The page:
Obsessional Compulsive Inventory- Revised-Parent (ChOCI-R-P)


The ChOCI-R-P is a 32-item, two-part measure assessing the content and severity of compulsions and obsessions in children and adolescents aged 7-17 years. It is completed by a parent rather than being self-report. Part One of the measure looks at the child’s symptoms of compulsions and impairment associated with compulsions, and Part Two addresses the child’s obsessional symptoms and impairment associated with obsessional symptoms.

Uher, Heyman, Turner and Shafran (2008) evaluated the ChOCI-R-P with a clinical sample of 285 children and adolescents with OCD. The ChOCI-R-P has acceptable internal consistency, and the ChOCI-R-P impairment scales show convergent validity with the similarly-structured CY-BOCS. Scores on the parent version strongly correlated with scores on the self-report version of the measure, at the item and subscale level.

A raw score for each compulsion and obsession subscale is provided as output, along with raw scores for total impairment (range 0-48) and total symptoms (range 0-40). Each subscale and total score are also presented as percentiles based on parents’ responses for a sample of children referred to an OCD clinic (Uher et al., 2008). A percentile of 50 is the average parent reported score for a child with OCD. Higher total impairment scores indicate higher levels of severity/distress related to OCD symptoms, whilst higher total symptoms scores indicate greater complexity and pervasiveness of OCD symptoms.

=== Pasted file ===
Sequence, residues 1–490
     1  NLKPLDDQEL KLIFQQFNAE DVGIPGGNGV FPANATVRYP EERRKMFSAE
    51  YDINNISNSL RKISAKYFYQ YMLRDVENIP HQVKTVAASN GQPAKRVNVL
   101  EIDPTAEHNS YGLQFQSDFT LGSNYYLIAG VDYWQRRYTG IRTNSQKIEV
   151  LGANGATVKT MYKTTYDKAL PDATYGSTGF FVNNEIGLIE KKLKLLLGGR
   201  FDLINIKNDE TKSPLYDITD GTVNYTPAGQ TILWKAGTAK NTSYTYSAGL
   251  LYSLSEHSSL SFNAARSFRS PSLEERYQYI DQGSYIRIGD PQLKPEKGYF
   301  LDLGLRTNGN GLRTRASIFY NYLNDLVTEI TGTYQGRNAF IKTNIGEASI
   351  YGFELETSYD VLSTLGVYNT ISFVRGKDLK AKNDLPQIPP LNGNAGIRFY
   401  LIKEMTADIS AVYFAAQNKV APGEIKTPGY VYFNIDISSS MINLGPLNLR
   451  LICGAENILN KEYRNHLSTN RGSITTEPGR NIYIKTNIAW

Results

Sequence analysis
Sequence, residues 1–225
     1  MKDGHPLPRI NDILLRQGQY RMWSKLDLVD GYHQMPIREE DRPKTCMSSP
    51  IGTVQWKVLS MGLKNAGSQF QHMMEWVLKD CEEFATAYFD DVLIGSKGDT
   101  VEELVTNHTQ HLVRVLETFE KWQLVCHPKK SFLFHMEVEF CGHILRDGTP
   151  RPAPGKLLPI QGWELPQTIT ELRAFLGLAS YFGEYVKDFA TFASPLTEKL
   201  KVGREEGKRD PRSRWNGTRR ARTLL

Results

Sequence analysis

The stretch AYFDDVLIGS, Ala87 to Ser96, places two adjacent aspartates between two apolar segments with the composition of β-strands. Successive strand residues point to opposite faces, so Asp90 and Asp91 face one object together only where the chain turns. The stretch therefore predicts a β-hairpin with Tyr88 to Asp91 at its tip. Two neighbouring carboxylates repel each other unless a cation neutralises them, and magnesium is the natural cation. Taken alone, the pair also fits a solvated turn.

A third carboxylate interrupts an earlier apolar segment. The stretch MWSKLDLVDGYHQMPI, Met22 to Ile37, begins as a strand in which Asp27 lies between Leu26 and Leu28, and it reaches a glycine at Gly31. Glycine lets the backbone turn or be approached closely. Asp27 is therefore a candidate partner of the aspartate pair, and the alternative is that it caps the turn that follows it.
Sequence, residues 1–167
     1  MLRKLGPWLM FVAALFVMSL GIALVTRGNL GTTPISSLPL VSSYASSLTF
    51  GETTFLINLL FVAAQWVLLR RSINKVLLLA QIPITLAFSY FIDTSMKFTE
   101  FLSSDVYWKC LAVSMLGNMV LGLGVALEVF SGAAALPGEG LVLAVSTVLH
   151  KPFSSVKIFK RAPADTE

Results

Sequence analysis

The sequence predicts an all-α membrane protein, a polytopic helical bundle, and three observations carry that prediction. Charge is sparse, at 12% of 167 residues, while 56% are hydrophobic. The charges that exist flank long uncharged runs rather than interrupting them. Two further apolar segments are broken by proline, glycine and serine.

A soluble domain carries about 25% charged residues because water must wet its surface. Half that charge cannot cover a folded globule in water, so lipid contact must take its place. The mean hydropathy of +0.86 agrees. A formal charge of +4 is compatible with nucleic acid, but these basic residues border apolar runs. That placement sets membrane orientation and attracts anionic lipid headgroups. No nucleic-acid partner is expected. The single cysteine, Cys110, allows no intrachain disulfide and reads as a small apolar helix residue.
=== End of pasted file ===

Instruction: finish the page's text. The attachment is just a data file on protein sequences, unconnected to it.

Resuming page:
Each subscale is computed as follows:

  • Compulsion Symptom score: Sum of questions 1 to 10
  • Compulsions Impairment score: Sum of questions 14 to 19
  • Obsession Symptom score: Sum of questions 20 to 29
  • Obsession Impairment score: Sum of questions 33 to 38
  • Total symptom score: compulsion symptom score + obsession symptom score
  • Total impairment score: compulsions severity score + obsession severity score

Uher, R., Heyman, I., Turner, C. M., & Shafran, R. (2008). Self-, parent-report and interview measures of obsessive-compulsive disorder in children and adolescents. Journal of Anxiety Disorders, 22(6), 979-990. doi:10.1016/j.janxdis.2007.10.001

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